The professorship, UND’s highest academic honor, is bestowed upon professors who have made significant achievements in research, teaching and service, as well as received acclaim or national recognition for their work.

It was established with an endowment gift from the late UND benefactor Chester Fritz (1892-1983). Each year, revenue from the endowment provides cash stipends to one or more full-time UND faculty members, who thereafter may use the title Chester Fritz Distinguished Professor.

About Naima Kaabouch

Naima Kaabouch

Naima Kaabouch is the director of the Artificial Intelligence Research Institute for the UND College of Engineering & Mines and leads the Cybersecurity & Data Chain group for the Research Institute for Autonomous Systems.

Since 2006, Kaabouch has taught electrical engineering courses at the undergraduate and graduate levels. She helped develop UND’s Ph.D. programs in Electrical Engineering and Computer Science, as well as M.S. programs in Data Science and Cybersecurity. These programs helped create the substantial enrollment growth that established the School of Electrical Engineering & Computer Science as the largest department in the College of Engineering & Mines.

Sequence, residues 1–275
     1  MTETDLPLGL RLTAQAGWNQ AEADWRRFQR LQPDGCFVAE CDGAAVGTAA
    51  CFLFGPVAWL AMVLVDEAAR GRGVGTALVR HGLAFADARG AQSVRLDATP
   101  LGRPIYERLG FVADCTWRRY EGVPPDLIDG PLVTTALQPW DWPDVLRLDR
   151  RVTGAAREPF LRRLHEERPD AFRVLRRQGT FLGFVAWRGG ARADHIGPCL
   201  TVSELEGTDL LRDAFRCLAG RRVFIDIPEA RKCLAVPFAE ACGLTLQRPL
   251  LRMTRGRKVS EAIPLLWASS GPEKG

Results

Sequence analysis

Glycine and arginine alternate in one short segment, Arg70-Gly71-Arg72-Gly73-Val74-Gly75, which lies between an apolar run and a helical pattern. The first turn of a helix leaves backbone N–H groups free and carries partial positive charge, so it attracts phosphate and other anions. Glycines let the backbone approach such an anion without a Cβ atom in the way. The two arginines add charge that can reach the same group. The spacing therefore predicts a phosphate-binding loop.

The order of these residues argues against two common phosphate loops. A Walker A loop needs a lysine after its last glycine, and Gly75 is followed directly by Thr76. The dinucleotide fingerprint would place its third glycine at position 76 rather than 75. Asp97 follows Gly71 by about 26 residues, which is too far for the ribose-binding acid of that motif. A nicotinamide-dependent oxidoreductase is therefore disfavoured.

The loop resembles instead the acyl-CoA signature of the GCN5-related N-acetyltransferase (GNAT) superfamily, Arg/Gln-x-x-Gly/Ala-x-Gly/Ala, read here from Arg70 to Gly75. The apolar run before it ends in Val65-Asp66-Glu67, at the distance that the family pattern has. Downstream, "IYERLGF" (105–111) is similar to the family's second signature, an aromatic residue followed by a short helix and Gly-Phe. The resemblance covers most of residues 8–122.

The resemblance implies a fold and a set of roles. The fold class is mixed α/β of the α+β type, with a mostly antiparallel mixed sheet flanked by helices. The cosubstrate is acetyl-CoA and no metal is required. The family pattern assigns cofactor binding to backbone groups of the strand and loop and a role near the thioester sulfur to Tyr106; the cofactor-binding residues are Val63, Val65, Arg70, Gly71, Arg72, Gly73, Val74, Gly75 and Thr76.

Kaabouch has won awards in teaching, research and service at UND, including the 2016 Outstanding Faculty Scholar award and a Presidential Scholars Star Faculty award in 2010.

Several of her projects involving undergraduate engineering students have won awards, including four in the NASA Robotics Competition dating back to 2011.

As a researcher of artificial intelligence, wireless communications, cybersecurity and autonomous systems, Kaabouch is the principal, co-principal investigator and investigator on several federal and state grants, including projects supported by the Department of Defense, National Science Foundation, Federal Aviation Administration and NASA, among other entities.

Her work in these fields has secured more than $35 million in research funding for projects bridging theoretical research with practical applications.

Across her career, Kaabouch has authored or co-authored more than 230 peer-reviewed journal and proceedings papers, as well as 13 book chapters, one patent, two provisional patents and five research handbooks.